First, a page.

Despite the fact that it has long dominated academia, knowledge-inquiry is, nevertheless, damagingly irrational. It violates the two most elementary rules of rational problem-solving one can think of, namely (1) articulate, and try to improve the articulation of, the problem to be solved, and (2) propose and critically assess possible solutions. If our concern is to help promote human welfare – help people realize what is of value in life – then the problems we need to solve are, primarily, problems of living, of action, rather than problems of knowledge. Academic inquiry needs to give intellectual priority to the tasks of (1) articulating problems of living – individual, social, global – and (2) proposing and critically assessing possible solutions – possible and actual cooperative actions, policies, political programmes, philosophies of life. The tackling of problems of knowledge and technological know-how should then emerge out of, and feed back into, this central intellectual activity. The fundamental aim of inquiry, organized along these lines, would be to help people acquire wisdom – wisdom being the capacity to realize what is of value in life, for oneself and others, wisdom thus including knowledge and technological know-how, but much else besides. This approach may be called wisdom-inquiry.

Wisdom-inquiry is more rational, more intellectually rigorous than knowledge-inquiry because, at the very least, it puts the above two basic rules of rational problem-solving into practice, whereas knowledge-inquiry does not. It is this gross irrationality of academic inquiry (implementing knowledge-inquiry) during the last two centuries or so that is so damaging. It has made possible the development of all our current global problems. The immense success of science and technological research has led to modern industry and agriculture, to modern medicine and hygiene, and to all the great benefits of these things, but also to global warming, modern armaments and the lethal character of modern warfare, vast inequalities in wealth and power around the globe, destruction of natural habitats and rapid extinction of species, pollution of earth, sea and air, depletion of natural resources such as oil, and even the Aids epidemic (Aids being spread by modern travel). Some blame science for all this. But the fault lies not so much with science, as with the successful pursuit of scientific knowledge dissociated from a more fundamental concern to help us resolve problems of living in increasingly cooperative ways. The problem, in other words, is our implementation of knowledge-inquiry, and our failure to implement wisdom-inquiry. Scientific knowledge enormously increases our power to act, but not our power to act wisely. This is the crisis behind all the others: science without wisdom – or rather, without wisdom-inquiry.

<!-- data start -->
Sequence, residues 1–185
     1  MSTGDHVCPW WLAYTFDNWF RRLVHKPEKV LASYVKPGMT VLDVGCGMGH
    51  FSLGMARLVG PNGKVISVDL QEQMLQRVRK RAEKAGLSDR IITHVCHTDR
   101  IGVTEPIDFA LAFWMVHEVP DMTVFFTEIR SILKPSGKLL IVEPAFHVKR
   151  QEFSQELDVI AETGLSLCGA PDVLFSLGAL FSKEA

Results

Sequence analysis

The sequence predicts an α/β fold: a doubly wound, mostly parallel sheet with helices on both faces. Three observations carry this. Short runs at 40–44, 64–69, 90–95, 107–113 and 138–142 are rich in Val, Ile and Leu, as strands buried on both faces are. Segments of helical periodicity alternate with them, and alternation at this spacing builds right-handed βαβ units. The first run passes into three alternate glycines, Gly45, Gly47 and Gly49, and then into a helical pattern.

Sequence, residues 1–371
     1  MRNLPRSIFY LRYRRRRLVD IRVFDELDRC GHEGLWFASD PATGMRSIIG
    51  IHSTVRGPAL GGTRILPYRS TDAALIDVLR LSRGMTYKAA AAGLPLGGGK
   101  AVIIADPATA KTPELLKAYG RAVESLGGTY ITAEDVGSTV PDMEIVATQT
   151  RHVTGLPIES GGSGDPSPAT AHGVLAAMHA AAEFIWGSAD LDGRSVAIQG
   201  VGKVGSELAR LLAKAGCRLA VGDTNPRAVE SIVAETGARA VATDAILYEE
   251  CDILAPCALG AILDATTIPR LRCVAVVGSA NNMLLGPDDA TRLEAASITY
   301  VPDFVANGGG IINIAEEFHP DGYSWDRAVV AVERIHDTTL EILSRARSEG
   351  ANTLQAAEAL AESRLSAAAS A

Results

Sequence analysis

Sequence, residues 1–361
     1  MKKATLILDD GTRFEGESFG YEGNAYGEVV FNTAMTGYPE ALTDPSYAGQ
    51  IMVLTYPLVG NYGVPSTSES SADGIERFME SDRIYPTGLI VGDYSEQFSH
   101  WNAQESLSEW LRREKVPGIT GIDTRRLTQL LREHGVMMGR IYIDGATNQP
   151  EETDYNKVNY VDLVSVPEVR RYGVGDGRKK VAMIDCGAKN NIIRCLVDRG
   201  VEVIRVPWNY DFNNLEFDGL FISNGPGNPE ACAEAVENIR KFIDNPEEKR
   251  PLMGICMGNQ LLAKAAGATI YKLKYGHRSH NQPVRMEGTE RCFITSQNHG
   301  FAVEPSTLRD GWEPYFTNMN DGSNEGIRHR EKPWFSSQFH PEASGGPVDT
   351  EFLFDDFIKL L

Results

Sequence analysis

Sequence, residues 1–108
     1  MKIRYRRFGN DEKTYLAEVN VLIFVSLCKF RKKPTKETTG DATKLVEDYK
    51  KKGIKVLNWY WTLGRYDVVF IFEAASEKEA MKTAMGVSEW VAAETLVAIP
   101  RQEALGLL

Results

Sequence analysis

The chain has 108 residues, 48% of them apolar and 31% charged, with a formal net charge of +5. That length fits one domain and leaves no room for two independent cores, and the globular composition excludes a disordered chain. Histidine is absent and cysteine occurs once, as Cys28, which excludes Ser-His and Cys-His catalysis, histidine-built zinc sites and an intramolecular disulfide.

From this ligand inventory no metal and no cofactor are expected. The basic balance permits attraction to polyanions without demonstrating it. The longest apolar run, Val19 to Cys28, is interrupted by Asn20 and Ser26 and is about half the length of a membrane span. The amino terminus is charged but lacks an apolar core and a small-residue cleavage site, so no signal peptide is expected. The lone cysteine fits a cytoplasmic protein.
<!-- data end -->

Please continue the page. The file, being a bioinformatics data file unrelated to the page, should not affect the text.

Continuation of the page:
Questions for Group Discussion:
  1. Has the great success of modern scientific and technological research really made possible all our current global problems?
  2. What are the arguments for the view that academic inquiry should seek and promote wisdom by rational means, and should not just acquire knowledge? How valid are they?
  3. How does academic inquiry need to change if it is to give priority to the rational pursuit of wisdom – to the task of helping humanity create a better world? Are these changes what we really need to make?
  4. How do we go about transforming academic inquiry so that it begins to take wisdom, rather than just knowledge, as its basic intellectual aim? What obstacles are likely to arise, and how are they to be avoided or overcome?
  5. What changes have taken place in universities during the last decade that could be interpreted as moves towards the rational pursuit of wisdom?

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Professor Etienne Wenger - Conference Speaker
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Professor Etienne Wenger - Conference Speaker   Professor Etienne Wenger

Conference Speaker

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Etienne Wenger is a globally recognized thought leader in the field of social learning theory, communities of practice, and their application to organizations. He has authored and co-authored seminal articles and books on the topic, including Situated Learning, where the term “community of practice” was coined; Communities of Practice: learning, meaning, and identity, where he lays out a theory of learning based on the concept; Cultivating Communities of Practice, addressed to practitioners in organizations who want to base their knowledge strategy on communities of practice; and Digital Habitats, which tackles issues of technology. Etienne’s work is influencing both theory and practice in a range of disciplines, as well as a growing number of organizations in the private and public sectors. He helps organizations apply his ideas through consulting, public speaking, and workshops. He is also active in the academic sphere. He regularly speaks at conferences, conducts seminars, and is a visiting professor at the universities of Manchester and Aalborg. He recently received an honorary doctorate from the university of Brighton.